Some children and young people need adults to model appropriately safe behaviours. How to respond in different situations, which most children pick up automatically, but some need to be taught explicitly and reminded consistently, and that's okay. It's unreasonable to think that because you told them how to do it once, they'll remember always.

The research tells us that children with social skills difficulties often struggle with understanding and voicing that. A recent study reported that children with lower verbal and receptive language skills are at a higher risk of social communication difficulties, making it harder for them to make friends. Practical tips to help your children develop social skills to form and sustain friendships:

1. Role play and modelling

Adults can model and demonstrate to children how to gain attention appropriately from their peers by engaging in role play and highlighting examples (e.g., poking your friend is an unhelpful strategy to gain their attention). It is important to offer appropriate praise and encouragement to children while teaching social skills. Role-play can also be used to explicitly teach children how to interpret and use language in social situations. For younger children, the use of puppets can be useful to engage in role play while they observe.

2. Reminders and prompts

When discussing with your children, it is essential to notice that if they digress from the points of discussion, remind them of the key points; if they have answered questions sufficiently, stop them and indicate that they have provided enough information. Such skills will help them sustain their focus on discussions when engaging with others and sticking to their points, which would be helpful in social situations and learning and group tasks at school. Adults should use simple language when engaging with children to support their understanding of the discussion and new skills that they are taught.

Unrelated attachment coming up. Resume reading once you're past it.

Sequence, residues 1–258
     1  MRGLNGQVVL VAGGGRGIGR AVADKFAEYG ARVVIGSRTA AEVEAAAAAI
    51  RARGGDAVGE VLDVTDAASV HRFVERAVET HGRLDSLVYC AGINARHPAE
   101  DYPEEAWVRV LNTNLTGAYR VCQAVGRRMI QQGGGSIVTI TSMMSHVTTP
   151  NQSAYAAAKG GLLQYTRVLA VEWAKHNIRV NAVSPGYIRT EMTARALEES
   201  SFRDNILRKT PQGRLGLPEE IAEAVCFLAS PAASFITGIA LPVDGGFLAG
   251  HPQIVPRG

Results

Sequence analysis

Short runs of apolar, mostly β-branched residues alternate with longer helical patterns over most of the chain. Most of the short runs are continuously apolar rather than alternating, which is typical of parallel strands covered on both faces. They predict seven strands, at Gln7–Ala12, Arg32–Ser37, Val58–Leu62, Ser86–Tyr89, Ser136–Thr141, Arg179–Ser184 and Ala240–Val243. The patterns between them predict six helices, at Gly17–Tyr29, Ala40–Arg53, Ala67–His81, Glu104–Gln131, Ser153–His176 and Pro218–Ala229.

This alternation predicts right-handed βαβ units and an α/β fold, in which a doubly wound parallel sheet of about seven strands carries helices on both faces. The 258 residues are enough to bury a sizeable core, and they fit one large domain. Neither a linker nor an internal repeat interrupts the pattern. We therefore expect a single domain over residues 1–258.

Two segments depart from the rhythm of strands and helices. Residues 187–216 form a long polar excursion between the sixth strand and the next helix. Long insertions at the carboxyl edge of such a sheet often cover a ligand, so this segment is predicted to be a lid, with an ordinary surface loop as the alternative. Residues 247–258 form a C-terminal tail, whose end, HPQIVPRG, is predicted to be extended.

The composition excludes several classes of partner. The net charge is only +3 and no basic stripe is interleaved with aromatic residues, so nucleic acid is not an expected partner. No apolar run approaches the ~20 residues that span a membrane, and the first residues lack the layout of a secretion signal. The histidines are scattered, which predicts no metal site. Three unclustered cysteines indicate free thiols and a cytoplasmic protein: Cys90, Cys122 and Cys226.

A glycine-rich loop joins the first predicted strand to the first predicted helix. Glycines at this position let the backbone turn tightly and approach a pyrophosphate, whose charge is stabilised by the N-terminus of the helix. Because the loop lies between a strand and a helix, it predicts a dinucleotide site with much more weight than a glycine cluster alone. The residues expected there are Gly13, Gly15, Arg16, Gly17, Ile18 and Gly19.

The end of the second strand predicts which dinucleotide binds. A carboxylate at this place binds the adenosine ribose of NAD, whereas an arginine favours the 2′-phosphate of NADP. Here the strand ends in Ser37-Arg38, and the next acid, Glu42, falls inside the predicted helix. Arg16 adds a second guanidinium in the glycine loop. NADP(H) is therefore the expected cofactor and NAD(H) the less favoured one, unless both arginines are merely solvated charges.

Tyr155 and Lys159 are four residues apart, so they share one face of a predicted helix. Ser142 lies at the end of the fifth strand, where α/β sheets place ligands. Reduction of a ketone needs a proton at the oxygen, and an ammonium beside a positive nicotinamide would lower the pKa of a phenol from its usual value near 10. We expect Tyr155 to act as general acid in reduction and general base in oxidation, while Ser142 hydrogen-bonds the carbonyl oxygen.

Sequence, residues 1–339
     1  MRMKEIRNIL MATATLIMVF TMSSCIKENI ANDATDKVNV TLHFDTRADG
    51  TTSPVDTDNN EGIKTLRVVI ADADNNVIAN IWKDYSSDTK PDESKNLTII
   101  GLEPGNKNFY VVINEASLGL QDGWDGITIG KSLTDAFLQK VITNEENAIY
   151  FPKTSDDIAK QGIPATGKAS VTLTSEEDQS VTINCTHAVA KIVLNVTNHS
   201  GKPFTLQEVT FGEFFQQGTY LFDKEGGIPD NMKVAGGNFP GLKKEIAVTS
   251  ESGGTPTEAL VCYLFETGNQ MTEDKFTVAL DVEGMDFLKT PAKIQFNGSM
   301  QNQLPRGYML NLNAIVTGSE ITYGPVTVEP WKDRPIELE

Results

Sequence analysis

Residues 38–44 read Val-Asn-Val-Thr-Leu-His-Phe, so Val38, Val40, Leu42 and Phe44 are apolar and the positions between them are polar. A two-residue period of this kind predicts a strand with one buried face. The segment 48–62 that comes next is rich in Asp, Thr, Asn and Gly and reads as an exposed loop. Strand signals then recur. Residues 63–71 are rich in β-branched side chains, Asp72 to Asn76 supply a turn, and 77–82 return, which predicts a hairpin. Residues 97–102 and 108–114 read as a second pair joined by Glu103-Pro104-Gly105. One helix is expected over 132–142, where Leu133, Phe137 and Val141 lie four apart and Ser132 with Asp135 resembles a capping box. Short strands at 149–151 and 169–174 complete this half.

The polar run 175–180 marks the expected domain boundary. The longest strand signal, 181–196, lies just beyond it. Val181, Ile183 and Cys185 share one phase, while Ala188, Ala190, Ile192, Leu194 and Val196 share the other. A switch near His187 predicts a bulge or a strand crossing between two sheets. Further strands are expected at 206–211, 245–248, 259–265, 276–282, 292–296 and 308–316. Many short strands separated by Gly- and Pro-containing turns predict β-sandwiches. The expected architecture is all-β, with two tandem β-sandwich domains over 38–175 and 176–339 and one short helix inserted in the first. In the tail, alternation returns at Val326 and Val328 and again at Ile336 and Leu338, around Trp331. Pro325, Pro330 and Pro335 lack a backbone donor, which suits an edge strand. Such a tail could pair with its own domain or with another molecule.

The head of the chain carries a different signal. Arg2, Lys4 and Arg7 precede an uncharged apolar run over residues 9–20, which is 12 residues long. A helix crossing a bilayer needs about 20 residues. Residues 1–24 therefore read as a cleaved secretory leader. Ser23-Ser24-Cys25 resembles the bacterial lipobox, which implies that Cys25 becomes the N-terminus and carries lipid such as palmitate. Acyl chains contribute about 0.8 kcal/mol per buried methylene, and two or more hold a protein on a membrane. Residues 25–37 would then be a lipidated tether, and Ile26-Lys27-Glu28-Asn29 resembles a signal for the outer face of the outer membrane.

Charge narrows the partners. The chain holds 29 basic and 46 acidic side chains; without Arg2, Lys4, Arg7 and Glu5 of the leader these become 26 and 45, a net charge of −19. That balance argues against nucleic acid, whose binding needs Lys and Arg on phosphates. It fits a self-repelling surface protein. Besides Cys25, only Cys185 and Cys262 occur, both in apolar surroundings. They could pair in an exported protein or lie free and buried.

3. Social stories and scripts

To support the building of conflict resolution skills, children will continue to need frequent opportunities to reflect, use self-monitor and self-correction techniques and develop their emotions and reactions to situations, considering the consequences of their actions (both positive and negative) and possible alternative actions and paying attention to the feelings and views of others. Check out this video on setting boundaries for kids.

Using role-play, play scripts and social stories may provide a forum for developing such skills and discussing alternatives to develop children's choice in selecting more appropriate behaviours / positive responses to situations. Additionally, simple social stories and play scripts, role play, etc., can be used to model how to respond in different situations and socially appropriate behaviours and to begin considering their actions' impact on others. Engage in role reversals – where the child takes on the leader/parent role in some circumstances to check their understanding of the social skills you have taught. If you've never done a social story before find out more and how to use social stories.

4. Feedback and praise

Intervene as situations arise and provide positive feedback as often as possible when children are interacting positively with their peers. If your child has siblings or other friends in their community, you could also engage them in small group work and focus on teaching what helps group dynamics function well and how to discuss, exchange ideas, initiate contact, and make friends. Such sessions could occur at home or in other areas of your community.

Suppose you are consistently concerned about your child's struggles to form friendships and develop social communication skills. In that case, speaking to your child's preschool or school's Special Educational Needs Coordinator (SENCO) to explore this issue and the possibility to enrol them in an evidence-based social skills programme/ intervention such as 'Circle of Friends' and Talk Boost is advisable. You may also request further investigation of this area by the relevant health and educational services (e.g., Paediatrician and Educational Psychologist).

Additional help

For preschool and school-aged children:

Development Matters

ELSA / Social Skills Game | Teaching Resources

Healthy Relationships + Friendships PSHE | Teaching Resources

Friendship worksheets | Teaching Resources

For teenagers:

Preparing for Adulthood: Friends & community - National Development Team for Inclusion

Understanding your kids developmental stages will help as well as how to start a conversation about mental health with your kids, to talking about puberty. Plus, did you know that watching Disney movies can be good for your child's emotional development?

Dr Patricia Britto
Educational Psychologist (HCPC Registered)

Dr Britto's qualifications include a Doctorate in Professional Educational, Child and Adolescent Psychology, an MSc in Mental Health in Learning Disabilities and a BSc in Psychology.